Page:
In figure 1, I've taken part of the lifecycle curve and modeled onto it a differential benefit curve (differential value - cost of implementation). This latter curve shows how the benefit of an activity changes as it evolves from its early innovation (where it is a strain on company resources) to a late product stage where the activity is ubiquitous and of insignificant differential value between competitors.
By the time an activity is implemented, the actual differential benefit may be vastly different. This creates a delta for expectation i.e. a difference from what we thought we would get and what we got. Figure 2 provides a graphical notation of this.
The evolution of an activity from products to utility services invokes its own expectation curve not through differential value (the creation of a new activity) but operational efficiency (a more efficient means of providing an existing activity).
In figure 5, I've provided the later stages of lifecycle including the transition from products to utility services and modeled an operational benefit curve (operational efficiencies over competitors - cost) of a transition to utility services.
The reason why I mention this, is that whilst Cloud Computing is all about volume operations for ubiquitous and well defined activities (i.e. use of computer resources in business) and is hence all about commodities, this transition will create a similar expectation curve around operational efficiency in much the same way that a genuine innovation creates an expectation curve around differential value. This is shown in figure 6, and the result is the same delta in expectation curve shown beforehand.
Hence, in the following hype cycle I've highlighted several activities, including :-
- cloud computing: more efficient provision of the existing activity of "using computer resources in business"
- social network analysis: a relatively new activity and a potential differential
The lesson of this story has been known in military circles for a long time. An imperfect plan executed today is better than a perfect plan executed tomorrow i.e. if you wait until the activity can be easily and effectively implemented (the plateau of productivity), it'll provide little competitive benefit to you.
Fortune favours the brave.
[A final few comments]
To generate the expectation curve I had to create a model over time. This required lots of assumptions because the evolution (lifecycle) curve does not have a time axis (i.e. you can't predict when something will evolve). There are hence a couple of points I'd like to make clear.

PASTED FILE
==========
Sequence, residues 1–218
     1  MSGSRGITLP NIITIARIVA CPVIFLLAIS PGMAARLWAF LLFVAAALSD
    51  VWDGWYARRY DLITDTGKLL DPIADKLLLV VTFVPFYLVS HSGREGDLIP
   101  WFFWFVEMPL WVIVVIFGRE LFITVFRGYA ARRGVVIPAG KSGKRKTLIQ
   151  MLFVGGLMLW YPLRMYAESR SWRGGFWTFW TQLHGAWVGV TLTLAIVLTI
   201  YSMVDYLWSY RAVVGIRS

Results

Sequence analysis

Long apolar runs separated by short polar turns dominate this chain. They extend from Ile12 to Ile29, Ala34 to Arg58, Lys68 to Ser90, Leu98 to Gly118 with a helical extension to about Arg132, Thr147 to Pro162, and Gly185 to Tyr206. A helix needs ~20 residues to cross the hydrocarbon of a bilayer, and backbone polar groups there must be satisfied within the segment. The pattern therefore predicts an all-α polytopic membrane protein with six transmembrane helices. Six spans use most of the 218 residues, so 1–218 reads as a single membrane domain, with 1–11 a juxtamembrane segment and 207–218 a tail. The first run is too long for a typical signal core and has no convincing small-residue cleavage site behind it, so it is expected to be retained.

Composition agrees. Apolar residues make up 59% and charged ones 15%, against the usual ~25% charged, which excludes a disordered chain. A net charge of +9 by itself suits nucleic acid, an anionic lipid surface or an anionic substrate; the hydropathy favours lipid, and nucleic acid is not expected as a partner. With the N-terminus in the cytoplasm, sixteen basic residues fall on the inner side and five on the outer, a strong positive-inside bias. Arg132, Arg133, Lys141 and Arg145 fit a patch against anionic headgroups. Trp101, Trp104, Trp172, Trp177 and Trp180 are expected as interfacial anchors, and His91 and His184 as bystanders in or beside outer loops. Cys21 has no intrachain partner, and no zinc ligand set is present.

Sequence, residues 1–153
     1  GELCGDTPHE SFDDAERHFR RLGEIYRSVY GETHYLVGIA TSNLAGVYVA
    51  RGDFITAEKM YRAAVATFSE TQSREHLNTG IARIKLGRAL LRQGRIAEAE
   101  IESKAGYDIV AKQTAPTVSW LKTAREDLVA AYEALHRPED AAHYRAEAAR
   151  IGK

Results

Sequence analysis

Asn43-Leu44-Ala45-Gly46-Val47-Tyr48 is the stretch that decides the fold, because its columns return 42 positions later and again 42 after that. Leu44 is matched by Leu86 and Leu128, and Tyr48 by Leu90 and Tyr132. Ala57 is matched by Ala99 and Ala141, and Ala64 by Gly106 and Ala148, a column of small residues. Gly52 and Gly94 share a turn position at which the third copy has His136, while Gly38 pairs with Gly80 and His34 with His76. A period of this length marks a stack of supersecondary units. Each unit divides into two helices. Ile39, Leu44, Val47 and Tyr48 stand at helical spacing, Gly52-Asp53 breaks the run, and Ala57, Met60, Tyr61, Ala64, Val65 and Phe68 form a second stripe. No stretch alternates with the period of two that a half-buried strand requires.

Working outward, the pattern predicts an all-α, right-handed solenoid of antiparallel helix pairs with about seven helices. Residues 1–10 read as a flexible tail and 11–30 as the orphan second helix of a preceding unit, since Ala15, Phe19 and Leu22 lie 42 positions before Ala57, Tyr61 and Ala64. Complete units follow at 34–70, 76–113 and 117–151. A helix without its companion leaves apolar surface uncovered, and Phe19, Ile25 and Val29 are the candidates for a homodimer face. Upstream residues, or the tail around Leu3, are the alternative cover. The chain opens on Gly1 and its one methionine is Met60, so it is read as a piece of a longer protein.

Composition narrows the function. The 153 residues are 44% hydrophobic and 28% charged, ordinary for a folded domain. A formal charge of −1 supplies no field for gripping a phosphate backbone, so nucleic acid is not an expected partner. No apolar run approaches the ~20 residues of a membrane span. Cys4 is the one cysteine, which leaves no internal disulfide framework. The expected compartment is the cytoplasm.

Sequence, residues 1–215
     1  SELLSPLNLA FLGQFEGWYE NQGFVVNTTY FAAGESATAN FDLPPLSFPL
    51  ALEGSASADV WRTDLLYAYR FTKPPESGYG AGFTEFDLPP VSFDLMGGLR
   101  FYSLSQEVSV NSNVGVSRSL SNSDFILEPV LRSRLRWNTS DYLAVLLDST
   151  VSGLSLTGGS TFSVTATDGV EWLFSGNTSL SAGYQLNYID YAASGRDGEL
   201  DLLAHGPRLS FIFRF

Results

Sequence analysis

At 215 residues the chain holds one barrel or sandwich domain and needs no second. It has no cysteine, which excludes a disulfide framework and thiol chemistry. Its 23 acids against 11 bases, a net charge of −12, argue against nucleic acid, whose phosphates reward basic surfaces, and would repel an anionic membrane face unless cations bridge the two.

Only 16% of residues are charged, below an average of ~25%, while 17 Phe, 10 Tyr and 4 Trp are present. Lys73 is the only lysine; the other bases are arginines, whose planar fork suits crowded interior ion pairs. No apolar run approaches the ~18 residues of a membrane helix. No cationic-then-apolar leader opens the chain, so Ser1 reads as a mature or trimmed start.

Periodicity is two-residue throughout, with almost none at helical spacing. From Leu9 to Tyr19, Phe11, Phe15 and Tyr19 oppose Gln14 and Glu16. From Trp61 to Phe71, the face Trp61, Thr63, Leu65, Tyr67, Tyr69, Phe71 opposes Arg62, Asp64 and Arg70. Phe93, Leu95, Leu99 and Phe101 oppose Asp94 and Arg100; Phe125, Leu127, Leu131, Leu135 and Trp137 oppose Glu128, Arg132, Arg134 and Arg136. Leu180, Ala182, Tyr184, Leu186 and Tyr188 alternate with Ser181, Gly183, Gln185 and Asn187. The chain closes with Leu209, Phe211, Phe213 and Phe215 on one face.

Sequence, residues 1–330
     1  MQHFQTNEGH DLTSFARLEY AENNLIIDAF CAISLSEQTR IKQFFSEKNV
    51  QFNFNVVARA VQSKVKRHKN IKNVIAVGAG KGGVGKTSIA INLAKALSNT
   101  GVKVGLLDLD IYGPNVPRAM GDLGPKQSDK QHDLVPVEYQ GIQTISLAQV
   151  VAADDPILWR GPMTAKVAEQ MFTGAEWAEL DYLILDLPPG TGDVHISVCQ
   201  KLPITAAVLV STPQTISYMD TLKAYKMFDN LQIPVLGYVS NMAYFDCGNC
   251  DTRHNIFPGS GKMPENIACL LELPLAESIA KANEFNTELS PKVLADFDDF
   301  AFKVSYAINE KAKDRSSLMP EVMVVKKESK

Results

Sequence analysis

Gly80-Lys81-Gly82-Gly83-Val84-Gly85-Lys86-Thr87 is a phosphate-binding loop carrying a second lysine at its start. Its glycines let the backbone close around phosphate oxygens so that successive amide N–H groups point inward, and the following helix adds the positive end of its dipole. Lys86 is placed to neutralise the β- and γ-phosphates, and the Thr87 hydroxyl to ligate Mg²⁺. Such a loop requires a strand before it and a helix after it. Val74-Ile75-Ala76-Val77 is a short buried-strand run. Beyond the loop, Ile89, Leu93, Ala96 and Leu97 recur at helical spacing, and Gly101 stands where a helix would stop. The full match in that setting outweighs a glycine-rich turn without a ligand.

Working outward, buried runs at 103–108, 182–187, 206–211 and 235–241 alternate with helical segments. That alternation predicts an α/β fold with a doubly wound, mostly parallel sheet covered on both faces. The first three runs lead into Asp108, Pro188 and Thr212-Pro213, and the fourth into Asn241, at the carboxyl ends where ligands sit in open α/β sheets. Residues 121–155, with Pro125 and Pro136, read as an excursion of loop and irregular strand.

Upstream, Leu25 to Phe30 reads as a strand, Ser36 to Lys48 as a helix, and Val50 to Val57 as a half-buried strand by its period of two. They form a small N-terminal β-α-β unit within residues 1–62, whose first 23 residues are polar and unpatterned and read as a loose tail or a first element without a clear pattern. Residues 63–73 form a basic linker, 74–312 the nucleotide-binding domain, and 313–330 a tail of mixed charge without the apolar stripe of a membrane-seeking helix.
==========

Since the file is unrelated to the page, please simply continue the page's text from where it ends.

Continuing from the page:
- You can't simply overlay the expectation curves of different activities on top of each other - i.e. the axis of time is different (some are stretched, some are shortened). Gartner's curve doesn't define its time axis and we can therefore assume they're referring to a general shape which appears over an undetermined length of time.
- The Gartner curve specifically refers to the technology trigger. We can assume this is when the technology starts to spread and ignores any early stage effects (invention etc).
- If the Gartner curve was based upon the measurement of some physical property, it would be possible to reverse the process i.e. from Gartner curve to expectation curve to evolution lifecyle and accurately state where an activity was along the uncertainty axis. By very definition this is impossible. I can currently only state where something was in the past once it has become a commodity. Hence I have to conclude that Gartner's curve is not based upon some external measurement of physical property but instead it is more likely by a process of expert review (i.e. averaging where forecasters think something is on the curve).
- The expectation curve matches the Gartner curve in certain circumstances. I cannot conclude the Gartner curve is valid in all circumstance but I can approximate the value zones where the curve does match.